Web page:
April 23, 2014 - Updated on January 20, 2016

Well-known journalist arrested on spying charge after deportation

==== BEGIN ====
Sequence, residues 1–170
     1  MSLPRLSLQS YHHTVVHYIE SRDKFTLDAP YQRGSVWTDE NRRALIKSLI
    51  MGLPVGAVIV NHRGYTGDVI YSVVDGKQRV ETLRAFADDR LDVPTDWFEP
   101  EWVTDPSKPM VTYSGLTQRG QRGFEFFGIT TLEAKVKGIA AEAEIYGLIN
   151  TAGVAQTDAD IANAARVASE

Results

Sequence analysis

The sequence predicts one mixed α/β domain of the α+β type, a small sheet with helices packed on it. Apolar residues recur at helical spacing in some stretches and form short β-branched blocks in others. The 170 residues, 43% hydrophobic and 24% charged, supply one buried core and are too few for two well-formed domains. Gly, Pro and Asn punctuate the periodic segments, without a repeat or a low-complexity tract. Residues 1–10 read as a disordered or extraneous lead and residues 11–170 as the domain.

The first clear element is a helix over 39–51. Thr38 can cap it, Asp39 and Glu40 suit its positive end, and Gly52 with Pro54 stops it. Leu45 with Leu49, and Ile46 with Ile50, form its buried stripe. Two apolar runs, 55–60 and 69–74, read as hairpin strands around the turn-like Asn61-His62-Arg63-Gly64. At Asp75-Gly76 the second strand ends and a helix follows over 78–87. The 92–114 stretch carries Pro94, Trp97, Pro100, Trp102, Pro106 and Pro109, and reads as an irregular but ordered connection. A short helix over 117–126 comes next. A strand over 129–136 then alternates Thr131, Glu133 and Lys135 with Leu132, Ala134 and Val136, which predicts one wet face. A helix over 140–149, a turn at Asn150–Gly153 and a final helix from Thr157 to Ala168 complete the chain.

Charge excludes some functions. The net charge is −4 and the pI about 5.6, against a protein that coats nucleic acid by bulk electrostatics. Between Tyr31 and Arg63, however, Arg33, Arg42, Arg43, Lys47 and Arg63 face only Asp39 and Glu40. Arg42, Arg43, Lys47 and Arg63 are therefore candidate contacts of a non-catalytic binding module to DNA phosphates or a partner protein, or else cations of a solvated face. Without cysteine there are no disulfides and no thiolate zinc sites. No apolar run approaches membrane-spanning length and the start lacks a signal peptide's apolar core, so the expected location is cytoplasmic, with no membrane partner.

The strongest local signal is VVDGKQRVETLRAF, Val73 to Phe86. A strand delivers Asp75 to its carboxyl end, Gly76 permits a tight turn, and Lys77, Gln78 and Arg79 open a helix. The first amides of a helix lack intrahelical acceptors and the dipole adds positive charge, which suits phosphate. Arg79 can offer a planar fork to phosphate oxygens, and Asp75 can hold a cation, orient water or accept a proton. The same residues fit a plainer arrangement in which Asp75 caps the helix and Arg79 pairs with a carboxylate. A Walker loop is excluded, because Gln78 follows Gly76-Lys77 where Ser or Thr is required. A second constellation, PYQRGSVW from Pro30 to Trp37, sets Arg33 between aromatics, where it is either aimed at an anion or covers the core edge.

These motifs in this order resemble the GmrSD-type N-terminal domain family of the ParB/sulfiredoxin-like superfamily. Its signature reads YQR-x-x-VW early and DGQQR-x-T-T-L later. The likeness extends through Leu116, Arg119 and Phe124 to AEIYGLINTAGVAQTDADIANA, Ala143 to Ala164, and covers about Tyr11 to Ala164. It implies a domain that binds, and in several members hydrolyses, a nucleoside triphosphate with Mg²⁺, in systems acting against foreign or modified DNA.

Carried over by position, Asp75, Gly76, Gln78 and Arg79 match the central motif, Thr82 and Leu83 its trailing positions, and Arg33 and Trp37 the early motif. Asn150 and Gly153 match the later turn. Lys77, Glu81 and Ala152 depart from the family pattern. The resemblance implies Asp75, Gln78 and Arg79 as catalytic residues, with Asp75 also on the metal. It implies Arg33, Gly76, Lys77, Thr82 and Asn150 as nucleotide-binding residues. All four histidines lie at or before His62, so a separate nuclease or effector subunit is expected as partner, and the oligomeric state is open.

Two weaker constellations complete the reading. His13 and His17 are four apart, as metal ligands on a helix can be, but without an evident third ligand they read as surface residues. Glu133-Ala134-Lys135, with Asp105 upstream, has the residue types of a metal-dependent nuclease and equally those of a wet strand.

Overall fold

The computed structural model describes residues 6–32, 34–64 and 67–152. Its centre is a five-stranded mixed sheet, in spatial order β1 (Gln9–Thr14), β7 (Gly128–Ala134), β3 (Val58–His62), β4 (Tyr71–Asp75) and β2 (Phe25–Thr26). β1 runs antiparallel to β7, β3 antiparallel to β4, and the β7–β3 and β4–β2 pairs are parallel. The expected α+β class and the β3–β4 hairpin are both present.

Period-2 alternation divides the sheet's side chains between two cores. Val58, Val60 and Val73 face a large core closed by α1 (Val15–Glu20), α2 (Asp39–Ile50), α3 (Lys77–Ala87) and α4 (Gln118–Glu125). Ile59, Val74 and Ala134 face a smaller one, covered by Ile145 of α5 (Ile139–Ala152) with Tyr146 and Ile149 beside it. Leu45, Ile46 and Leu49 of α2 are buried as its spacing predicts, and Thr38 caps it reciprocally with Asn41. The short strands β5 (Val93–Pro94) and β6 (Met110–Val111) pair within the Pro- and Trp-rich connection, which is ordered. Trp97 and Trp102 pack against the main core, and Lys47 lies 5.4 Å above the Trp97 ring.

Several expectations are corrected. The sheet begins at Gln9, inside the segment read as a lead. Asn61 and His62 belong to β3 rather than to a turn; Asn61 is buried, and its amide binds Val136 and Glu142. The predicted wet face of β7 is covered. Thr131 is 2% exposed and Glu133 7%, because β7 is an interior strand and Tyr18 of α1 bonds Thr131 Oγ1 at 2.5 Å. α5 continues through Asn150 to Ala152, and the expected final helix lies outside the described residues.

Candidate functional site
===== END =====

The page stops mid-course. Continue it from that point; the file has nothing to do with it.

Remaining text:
Reporters Without Borders calls for the immediate and unconditional release of Rauf Mirkadyrov, a well-known columnist with the independent Russian-language newspaper Zerkalo, who was arrested on a charge of spying for Armenia on being deported back to Azerbaijan from Turkey, where he was based for three years. “By illegally expelling Mirkadyrov, the Turkish authorities have rendered themselves complicit in Azerbaijan’s persecution of this journalist,” said Johann Bihr, the head of the Reporters Without Borders Eastern Europe and Central Asia desk. “The grave charges brought against Mirkadyrov are totally absurd and fool no one He is just the latest victim of the Azerbaijani government’s campaign to eradicate its media critics. How could this journalist have transmitted state secrets to which he did not have access?” The Turkish authorities stripped Mirkadyrov of his press accreditation on 9 April and, without any explanation, gave him two weeks to leave the country. Nonetheless, he was arrested in Ankara nine days later, on 18 April, and was put on a flight to Baku the following day, without being able to challenge his deportation or even contact a lawyer. Relatives and colleagues waited in vain for him at Baku airport on 19 April, learning the next day that he had been arrested on arrival on a spying charge. He was formally charged on 21 April under article 274 of the penal code (“high treason”) and was placed in pre-trial detention for three months. His lawyer, Fuad Agayev, was then finally able to talk to him. Agayev said Mirkadyrov rejected all the charges and had refused to sign a statement. Mirkadyrov is a seasoned journalist who won the Gerd Bucerius Prize for Press Freedom in Eastern Europe in 2008. A reporter for Zerkalo for many years, he is known for being critical not only of the Azerbaijani government but also the Turkish and Russian ones. He helped found the opposition newspaper Bizim Yol, and used to be deputy editor of the newspaper Monitor, whose editor, Elmar Huseynov, was murdered in 2005. He is also a member of the Azerbaijani opposition, running for parliament in 2005 and now a member of the political council of the Azerbaijan National Independence Party. Mirkadyrov has for years made a speciality of covering the troubled Nagorno-Karabakh region – a part of Azerbaijan with a mostly Armenian population that proclaimed its independence in 1991 – and has participated in various projects aimed at fostering dialogue among the parties to the conflict and finding a solution to a stalemate that has endured since 1994. The officials conducting the investigation into Mirkadyrov on spying charges have named two Armenians as his alleged “contact officers.” One of them is Laura Bagdasarian, the head of the NGO Region, with whom several Azerbaijani NGOs have cooperated in cross-border projects. These NGOs now fear that the Azerbaijani government intends to criminalize any contact with Armenian civil society. Agayev said: “The case may not be limited to Mirkadyrov, and other Azerbaijani politicians and civil society activists could also be persecuted.” Mirkadyrov’s deportation came just three days after a state visit to Azerbaijan by Turkish Prime Minister Recep Tayyip Erdogan. The two countries have close relations. Another Azerbaijan journalist, Mahir Zeynalov, was expelled from Turkey in February after sending tweets deemed to have insulted Erdogan. Harassment of news providers has been increasing steadily in Azerbaijan, which is ranked 160th out of 180 countries in the 2014 Reporters Without Borders press freedom index. Outspoken journalists and bloggers are being arrested, while the few remaining independent media are close to asphyxiation. (Photo: Zerkalo)